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SQL Cookbook

Book Description

You know the rudiments of the SQL query language, yet you feel you aren't taking full advantage of SQL's expressive power. You'd like to learn how to do more work with SQL inside the database before pushing data across the network to your applications. You'd like to take your SQL skills to the next level.

Let's face it, SQL is a deceptively simple language to learn, and many database developers never go far beyond the simple statement: SELECT columns FROM table WHERE conditions. But there is so much more you can do with the language. In the SQL Cookbook, experienced SQL developer Anthony Molinaro shares his favorite SQL techniques and features. You'll learn about:

  • Window functions, arguably the most significant enhancement to SQL in the past decade. If you're not using these, you're missing out

  • Powerful, database-specific features such as SQL Server's PIVOT and UNPIVOT operators, Oracle's MODEL clause, and PostgreSQL's very useful GENERATE_SERIES function

  • Pivoting rows into columns, reverse-pivoting columns into rows, using pivoting to facilitate inter-row calculations, and double-pivoting a result set

  • Bucketization, and why you should never use that term in Brooklyn.

  • How to create histograms, summarize data into buckets, perform aggregations over a moving range of values, generate running-totals and subtotals, and other advanced, data warehousing techniques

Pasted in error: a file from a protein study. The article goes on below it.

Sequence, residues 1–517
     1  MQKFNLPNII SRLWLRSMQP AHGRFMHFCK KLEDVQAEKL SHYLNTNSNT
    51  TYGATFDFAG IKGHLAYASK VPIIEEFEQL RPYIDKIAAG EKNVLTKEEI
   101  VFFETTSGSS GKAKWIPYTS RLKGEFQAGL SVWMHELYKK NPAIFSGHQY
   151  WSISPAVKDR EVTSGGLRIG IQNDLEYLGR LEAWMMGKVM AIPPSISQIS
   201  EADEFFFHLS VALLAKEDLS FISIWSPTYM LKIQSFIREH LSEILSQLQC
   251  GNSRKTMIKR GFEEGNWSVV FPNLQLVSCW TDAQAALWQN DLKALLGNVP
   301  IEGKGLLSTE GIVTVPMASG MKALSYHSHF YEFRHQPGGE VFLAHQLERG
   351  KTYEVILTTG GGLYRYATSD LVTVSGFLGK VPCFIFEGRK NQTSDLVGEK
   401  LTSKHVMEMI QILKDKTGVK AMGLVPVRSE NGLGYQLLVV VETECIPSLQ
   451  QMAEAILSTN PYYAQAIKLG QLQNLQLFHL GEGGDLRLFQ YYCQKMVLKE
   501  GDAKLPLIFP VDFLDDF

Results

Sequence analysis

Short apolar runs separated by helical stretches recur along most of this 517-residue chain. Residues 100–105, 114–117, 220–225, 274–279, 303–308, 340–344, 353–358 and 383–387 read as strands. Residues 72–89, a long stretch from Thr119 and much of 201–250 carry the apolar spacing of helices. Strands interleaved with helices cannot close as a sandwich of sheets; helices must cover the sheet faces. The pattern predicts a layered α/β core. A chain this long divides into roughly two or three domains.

• The technique of walking a string, which allows you to use SQL to parse through the characters, words, or delimited elements of a string

Written in O'Reilly's popular Problem/Solution/Discussion style, the SQL Cookbook is sure to please. Anthony's credo is: "When it comes down to it, we all go to work, we all have bills to pay, and we all want to go home at a reasonable time and enjoy what's still available of our days." The SQL Cookbook moves quickly from problem to solution, saving you time each step of the way.

Table of Contents

  1. Dedication
  2. Special Upgrade Offer
  3. A Note Regarding Supplemental Files
  4. Preface
    1. Why I Wrote This Book
    2. Objectives of This Book
    3. Audience for This Book
    4. How to Use This Book
    5. What’s Missing from This Book
    6. Structure of This Book
    7. Platform and Version
    8. Tables Used in This Book
    9. Conventions Used in This Book
    10. Using Code Examples
    11. Comments and Questions
    12. Safari® Enabled
    13. Acknowledgments
  5. 1. Retrieving Records